Distilling structure in scientific workflows

Juiqiang Chen, Christine Froidevaux, Carole Goble, Alan R. Williams, Sarah Cohen-Boulakia


Motivation and Objectives
Scientific workflows management systems, (e.g., (Missier et al., 2010; Ludaesher et al., 2006; Goeck et al. 2011)) are increasingly used to specify and manage bioinformatics experiments. An experiment is then represented by a workflow in which a large number of bioinformatics tasks are linked to each other. A workflow specification is a framework for the execution of workflows. It specifies the order to be observed between the different tasks and their relationships with the workflow inputs and workflow outputs. According to the input data given to the workflow specification and assignments of values to the task parameters, different workflow runs are then obtained and may lead to different intermediate and final output data. Both workflow specifications and runs are represented by graphs.
Faced with the increasing complexity of runs and the need for reproducibility of results, provenance has become an important research topic. A significant number of tools for managing vast amounts of data provenance have been designed to assist the storage of provenance data (e.g., indexing), query the data (e.g., difference between executions, search for patterns), visualize the workflow provenance or (re)schedule executions... (See (Cohen-Boulakia and Leser, 2011) for a review on that topic). These tools all make intrinsically complex operations on graph structures (search for subgraphs in a graph, comparing graphs, ...), which, if carried out on Directed Acyclic Graphs (DAGs), with no other restriction of structure, lead to NP-hard problems. Instead, these problems can be solved in polynomial time when specific restrictions are imposed on graphs, such as considering series-parallel (SP) structures (Bein et al., 1992). Some provenance management approaches such as (Bao et al., 2009; Callahan et al., 2006) have therefore chosen to restrict workflow graphs to SP structures. As in general, workflows obtained using workflow systems are DAGs with any structure, graphs transformation approaches such as (Escribano et al., 2009) can be exploited to transform workflow graphs into SP graphs. (Cohen-Boulakia et al, 2012) has recently designed SPFlow, the first algorithm able to rewrite any scientific workflow graph structure into an SP workflow structure while preserving provenance information. As expected, such an approach has a cost in that nodes and/or edges have to be duplicated in the rewritten workflow.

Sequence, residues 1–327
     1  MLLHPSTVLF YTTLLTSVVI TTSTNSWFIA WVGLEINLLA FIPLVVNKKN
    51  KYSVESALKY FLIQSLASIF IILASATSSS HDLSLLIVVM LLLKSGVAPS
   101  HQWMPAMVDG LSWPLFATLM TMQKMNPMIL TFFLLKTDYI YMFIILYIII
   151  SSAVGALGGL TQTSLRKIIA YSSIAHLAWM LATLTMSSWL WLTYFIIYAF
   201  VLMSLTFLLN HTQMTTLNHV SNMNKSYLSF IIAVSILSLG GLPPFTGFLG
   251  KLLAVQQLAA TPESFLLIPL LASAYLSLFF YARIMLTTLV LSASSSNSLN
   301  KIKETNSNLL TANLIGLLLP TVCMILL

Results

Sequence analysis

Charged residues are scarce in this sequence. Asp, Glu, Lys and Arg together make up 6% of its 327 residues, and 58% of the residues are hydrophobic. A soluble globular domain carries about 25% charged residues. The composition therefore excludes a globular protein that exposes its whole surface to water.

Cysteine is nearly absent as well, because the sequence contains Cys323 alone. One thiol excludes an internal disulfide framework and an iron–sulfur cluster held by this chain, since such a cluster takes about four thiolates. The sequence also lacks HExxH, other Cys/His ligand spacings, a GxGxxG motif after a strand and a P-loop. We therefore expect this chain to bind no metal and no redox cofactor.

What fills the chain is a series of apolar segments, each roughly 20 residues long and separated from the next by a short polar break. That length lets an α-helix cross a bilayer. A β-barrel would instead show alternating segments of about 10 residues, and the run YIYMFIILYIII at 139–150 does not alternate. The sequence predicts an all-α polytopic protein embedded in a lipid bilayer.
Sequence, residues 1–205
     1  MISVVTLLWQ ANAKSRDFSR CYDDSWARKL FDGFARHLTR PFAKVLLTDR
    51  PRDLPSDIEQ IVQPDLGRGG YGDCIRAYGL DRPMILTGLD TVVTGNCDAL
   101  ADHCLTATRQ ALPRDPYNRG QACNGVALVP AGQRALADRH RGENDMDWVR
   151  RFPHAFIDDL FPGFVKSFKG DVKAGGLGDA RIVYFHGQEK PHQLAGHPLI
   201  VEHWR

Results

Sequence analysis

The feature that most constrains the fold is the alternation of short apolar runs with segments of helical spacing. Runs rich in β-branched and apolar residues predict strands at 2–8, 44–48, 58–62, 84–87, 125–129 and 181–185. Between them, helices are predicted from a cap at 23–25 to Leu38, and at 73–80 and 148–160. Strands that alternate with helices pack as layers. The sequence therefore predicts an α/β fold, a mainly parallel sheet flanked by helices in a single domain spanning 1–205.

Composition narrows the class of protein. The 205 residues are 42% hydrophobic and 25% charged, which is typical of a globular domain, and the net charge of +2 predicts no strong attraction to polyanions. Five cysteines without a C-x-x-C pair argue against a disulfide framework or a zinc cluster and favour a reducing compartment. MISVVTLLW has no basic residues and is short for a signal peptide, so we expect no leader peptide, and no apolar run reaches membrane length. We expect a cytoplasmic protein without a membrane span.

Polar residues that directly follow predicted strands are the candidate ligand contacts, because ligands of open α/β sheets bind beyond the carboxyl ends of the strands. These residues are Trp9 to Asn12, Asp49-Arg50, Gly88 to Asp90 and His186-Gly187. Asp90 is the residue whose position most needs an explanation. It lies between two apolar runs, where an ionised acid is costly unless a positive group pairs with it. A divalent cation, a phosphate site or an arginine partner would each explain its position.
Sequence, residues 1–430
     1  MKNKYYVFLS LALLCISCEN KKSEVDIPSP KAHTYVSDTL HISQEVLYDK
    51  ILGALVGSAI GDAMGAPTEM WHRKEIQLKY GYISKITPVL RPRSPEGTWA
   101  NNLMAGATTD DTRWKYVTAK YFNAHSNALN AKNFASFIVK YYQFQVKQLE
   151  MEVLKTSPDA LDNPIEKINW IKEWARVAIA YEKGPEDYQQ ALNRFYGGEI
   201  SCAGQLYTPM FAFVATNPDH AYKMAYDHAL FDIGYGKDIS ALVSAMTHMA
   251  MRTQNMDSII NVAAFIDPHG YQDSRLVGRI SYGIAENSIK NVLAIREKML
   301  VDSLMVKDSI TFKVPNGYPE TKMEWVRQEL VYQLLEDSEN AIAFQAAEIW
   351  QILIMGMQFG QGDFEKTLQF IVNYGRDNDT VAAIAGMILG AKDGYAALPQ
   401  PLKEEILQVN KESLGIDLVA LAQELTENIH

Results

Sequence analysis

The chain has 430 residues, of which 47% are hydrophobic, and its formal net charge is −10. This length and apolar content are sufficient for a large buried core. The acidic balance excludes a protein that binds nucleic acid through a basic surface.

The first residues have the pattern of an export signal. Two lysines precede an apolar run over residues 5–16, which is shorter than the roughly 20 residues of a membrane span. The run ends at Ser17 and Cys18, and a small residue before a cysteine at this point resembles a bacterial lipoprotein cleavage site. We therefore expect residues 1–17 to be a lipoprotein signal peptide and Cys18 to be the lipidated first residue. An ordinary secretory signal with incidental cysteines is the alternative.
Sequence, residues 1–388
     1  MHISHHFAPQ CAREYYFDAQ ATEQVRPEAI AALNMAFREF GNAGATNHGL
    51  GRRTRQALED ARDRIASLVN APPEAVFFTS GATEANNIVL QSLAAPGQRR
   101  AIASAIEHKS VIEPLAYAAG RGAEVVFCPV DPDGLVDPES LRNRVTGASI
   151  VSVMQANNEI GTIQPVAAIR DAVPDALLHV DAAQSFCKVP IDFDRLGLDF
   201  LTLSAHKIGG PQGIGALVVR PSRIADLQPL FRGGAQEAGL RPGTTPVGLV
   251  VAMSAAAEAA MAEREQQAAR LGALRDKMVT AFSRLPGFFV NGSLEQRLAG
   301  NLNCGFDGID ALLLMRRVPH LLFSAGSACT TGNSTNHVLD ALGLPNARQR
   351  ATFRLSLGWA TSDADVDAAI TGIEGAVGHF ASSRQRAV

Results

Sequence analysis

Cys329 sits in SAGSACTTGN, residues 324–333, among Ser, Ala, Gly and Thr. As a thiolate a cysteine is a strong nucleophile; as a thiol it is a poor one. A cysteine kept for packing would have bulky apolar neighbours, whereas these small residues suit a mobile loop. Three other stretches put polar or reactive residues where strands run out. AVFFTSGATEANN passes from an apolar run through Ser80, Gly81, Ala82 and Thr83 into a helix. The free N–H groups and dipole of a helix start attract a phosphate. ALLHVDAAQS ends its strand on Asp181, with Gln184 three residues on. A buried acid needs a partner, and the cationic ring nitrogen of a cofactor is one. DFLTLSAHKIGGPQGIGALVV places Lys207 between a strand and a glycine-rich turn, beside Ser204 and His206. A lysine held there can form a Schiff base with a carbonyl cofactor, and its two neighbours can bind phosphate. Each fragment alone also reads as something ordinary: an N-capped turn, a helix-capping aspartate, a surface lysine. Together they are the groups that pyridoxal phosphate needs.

Determining the reasons why some workflows have non SP structures may help users to directly design workflows having a structure closer to SP structures. The rewriting process may then be used on less complex, distilled, workflows. The aim of this paper is to present the results obtained on the study that we have conducted on the set of Taverna workflows (Missier et al., 2010) available on myExperiment (De Roure et al, 2009) to analyze the reasons why workflows have non SP structures.

Our study has been conducted on a set of 1,014 distinct workflows extracted from the Taverna workflows available in myExperiment in May 2012. We have implemented the algorithm of (Valdes et al., 1979) to detect whether workflow graphs are SP. Intuitively, SP structures are graph structures having one main input (I in figure 1(a)) and one main output (O in Figure 1(a)), without loops and which can be synchronized. In particular the pattern highlighted in Figure 1 (b) is forbidden (in this pattern, arcs can be replaced by paths involving intermediate nodes). In this pattern, node w is responsible for the graph non to be SP. Such a node is called a reduction node (Bein et al., 1992) and is duplicated in SPFlow. In the workflow depicted in Figure 1(a) the getGeneInfo processor is a reduction node so that the workflow is not SP. Among the 390 workflows with non SP structures (38,5%), we have focused on identifying reduction nodes and analyzed the forbidden pattern in which they were involved. We have then driven two series of experiments:
The first series of experiments has consisted in analyzing the structure of a subset of workflows having complex non SP structures.
In the second series of experiments, we have considered all the non SP workflows of Taverna and we have conducted a study of the processors involved in non SP structures. We have identified the kinds of processors mostly involved in non SP structures and we have then made a more precise analysis by examining the processors themselves.

Results and Discussion